You mentioned that employees like to receive feedback, especially high potential employees. And , and I thought, I think that's true at the same time I think a lot of what we do at LearningBridge is we try to make feedback palatable to someone because it can be , uh, it can cause some anxiety to receive that feedback as well, right? What is it going to be? And so there's also maybe that, that side of it is you crave that feedback, but at the same time, you're maybe a little bit nervous to get it because you don't know what it's going to be like. So that was one sort of thought that I had with the other thing I realized. I've talked about this on the podcast before my wife is a sixth grade school teacher. And one of the things in her relationship with the school director, she struggles a little bit sometimes because the director is kind of takes the approach sometimes that if you're not hearing from me, that means I think you're doing a good job. And , and my wife's personality is like, I want to hear the good things that I'm doing. Don't just give me feedback when I need to change something, but give me feedback when I'm doing a good job. And I think that really applies as well. And maybe especially for those high potentials who probably are doing a good job and need to hear some feedback, some positive feedback that they are.
Jeralyn Mastroianni: 9:58
Yes. A hundred percent. I think that the word feedback can have an almost a negative and sometimes an anxiety provoking connotation and response. It's sort of mislabeled in that sense. And I think about it as it gets about growth, right? And it's about moving you forward, less about the back part. I think the more we can destigmatize just the word and have it be about that positive. How do you build on your strengths? How do you continue doing more of what's in your sweet spot? You know, that's so key because if somebody walks into a conversation and feels like every time they're having a feedback conversation, it's about, here's the list of things that you didn't do well. Nobody's super jazzed to have that conversation, but if it's a conversation of here's where you're shining, and here are some areas where we could use that, that shine , it's so much more of a motivating discussion, but the growth aspect of it is, is so important.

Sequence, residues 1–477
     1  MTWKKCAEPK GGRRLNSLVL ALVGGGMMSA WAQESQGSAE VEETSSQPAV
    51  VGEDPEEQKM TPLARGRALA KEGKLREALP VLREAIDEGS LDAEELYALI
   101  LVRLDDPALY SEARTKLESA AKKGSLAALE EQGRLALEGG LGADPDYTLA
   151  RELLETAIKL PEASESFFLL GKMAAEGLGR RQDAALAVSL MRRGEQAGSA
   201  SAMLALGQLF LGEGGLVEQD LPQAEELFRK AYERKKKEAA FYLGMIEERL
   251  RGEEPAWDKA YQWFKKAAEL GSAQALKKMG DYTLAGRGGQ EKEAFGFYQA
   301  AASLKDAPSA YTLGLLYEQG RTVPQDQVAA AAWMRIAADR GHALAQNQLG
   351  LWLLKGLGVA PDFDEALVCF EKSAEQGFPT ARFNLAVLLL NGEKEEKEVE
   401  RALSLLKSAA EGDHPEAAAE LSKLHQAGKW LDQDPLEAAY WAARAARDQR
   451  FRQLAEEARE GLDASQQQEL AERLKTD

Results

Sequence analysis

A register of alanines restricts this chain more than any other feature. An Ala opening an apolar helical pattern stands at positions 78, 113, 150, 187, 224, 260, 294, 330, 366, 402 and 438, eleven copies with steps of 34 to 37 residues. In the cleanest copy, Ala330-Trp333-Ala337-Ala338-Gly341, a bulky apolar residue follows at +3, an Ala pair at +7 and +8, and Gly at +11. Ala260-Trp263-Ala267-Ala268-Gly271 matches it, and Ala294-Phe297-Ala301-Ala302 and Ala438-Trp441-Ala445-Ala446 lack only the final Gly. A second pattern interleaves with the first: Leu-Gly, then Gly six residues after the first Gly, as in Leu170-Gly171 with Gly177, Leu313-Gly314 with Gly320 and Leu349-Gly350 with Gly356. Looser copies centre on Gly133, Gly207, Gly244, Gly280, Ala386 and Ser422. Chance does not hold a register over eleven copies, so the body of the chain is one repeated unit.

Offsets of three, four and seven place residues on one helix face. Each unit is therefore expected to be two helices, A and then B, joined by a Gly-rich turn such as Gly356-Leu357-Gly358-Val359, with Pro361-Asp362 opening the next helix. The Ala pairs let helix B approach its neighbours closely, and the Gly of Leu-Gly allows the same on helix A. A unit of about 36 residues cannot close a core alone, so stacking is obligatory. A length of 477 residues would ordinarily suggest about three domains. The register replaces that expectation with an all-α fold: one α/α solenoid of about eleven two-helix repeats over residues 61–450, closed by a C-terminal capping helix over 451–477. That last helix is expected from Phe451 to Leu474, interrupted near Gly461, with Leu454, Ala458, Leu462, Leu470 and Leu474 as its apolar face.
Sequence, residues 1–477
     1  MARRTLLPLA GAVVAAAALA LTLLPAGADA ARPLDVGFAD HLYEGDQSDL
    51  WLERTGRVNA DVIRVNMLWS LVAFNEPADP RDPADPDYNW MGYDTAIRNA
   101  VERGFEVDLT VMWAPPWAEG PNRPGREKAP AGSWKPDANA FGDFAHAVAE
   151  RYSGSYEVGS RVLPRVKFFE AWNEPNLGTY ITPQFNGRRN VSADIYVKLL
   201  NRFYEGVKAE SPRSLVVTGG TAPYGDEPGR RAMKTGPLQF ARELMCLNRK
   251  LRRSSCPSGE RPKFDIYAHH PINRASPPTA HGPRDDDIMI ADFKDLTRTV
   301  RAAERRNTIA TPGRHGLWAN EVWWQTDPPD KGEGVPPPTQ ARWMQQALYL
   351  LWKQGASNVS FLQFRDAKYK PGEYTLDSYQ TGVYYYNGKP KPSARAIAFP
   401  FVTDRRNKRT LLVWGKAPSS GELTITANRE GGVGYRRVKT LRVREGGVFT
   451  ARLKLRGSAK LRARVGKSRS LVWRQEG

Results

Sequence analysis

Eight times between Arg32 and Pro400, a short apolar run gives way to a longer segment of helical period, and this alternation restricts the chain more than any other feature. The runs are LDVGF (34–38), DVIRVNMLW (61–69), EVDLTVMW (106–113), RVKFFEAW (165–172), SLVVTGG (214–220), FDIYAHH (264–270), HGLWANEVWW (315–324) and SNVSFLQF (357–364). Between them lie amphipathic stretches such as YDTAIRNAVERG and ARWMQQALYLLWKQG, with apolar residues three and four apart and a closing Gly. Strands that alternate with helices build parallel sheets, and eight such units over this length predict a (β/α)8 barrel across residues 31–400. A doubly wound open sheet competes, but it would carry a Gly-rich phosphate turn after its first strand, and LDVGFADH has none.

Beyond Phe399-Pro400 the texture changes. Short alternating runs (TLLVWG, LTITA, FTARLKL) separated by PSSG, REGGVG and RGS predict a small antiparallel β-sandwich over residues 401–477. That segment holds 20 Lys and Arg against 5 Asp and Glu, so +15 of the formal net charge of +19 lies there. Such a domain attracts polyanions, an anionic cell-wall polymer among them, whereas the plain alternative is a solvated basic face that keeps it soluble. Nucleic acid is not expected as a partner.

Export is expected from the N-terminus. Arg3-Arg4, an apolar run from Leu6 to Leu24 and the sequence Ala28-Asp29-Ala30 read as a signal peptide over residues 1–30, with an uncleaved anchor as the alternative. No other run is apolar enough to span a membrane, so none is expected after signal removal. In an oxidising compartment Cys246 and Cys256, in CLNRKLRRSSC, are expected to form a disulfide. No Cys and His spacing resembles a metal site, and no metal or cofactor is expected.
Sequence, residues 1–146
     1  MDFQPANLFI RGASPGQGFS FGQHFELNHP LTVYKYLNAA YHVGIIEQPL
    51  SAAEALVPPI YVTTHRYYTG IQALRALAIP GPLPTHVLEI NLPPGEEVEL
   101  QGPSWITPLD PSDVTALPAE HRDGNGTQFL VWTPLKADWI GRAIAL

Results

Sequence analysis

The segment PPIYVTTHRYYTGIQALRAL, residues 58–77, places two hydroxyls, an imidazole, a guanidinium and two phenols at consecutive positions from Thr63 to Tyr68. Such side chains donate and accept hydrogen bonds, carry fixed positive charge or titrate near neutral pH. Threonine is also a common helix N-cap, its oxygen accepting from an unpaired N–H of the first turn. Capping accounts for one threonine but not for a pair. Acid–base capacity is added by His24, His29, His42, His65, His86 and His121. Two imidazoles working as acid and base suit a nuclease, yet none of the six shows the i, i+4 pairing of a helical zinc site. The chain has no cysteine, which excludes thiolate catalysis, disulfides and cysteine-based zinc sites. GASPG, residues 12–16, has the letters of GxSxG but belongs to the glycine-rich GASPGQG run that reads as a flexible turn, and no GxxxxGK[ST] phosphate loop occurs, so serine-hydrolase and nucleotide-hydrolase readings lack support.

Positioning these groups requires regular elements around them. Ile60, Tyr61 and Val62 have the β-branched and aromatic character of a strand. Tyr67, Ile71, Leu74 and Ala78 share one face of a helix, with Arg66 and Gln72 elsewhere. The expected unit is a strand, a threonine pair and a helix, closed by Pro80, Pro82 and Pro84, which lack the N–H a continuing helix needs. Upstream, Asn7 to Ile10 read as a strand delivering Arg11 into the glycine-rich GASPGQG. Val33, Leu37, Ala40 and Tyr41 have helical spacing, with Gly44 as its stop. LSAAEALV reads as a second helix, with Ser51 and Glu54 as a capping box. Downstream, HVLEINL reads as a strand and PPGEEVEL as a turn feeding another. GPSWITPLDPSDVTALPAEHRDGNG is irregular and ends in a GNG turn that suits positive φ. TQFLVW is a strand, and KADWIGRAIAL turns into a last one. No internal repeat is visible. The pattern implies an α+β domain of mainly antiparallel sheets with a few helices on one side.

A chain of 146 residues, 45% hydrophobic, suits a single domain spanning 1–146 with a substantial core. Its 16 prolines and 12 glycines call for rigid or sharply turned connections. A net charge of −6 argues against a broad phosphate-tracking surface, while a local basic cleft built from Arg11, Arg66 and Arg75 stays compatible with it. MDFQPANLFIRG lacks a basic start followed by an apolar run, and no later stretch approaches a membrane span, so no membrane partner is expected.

And I think it was David Rock, who did some research and said that for every negative piece of feedback or developmental piece of feedback that someone receives, they need to hear five positive things to counteract the impact of that. That's a good reminder that we are just naturally focused as human beings to kind of glom on to that the negative piece of it is just where we look first. When I share the LearningBridge 360 reports, I really make a specific and concerted effort to talk to people about reading both sides of the qualitative feedback, because inevitably they go right to the side of the page that focuses on them, you know, where can I improve? What can I do better? And that's great to want to know that and have that urge to be better, of course, but we tend to overlook or discredit easily. Oh yeah. That was luck. Or that person attributed this thing to me. And it wasn't really me. And you've got to own the positive things, as much as some of the things that will help you grow.
Troy Blaser: 12:42
The word discredit is really appropriate there it's, it's very easy to discredit those positive pieces of feedback. You know, you say, oh, they don't know me that well, or that's only what they see on the outside. And yet we give full weight and full credit to that negative feedback that, that might come, even if it's from the same source, you know?
Jeralyn Mastroianni: 13:00
Right, right. Exactly. It's such an interesting phenomenon to watch it happen. It doesn't matter what level you are in the organization. What , what industry we're in, I've seen that phenomenon happen across so many different employees.
Troy Blaser: 13:18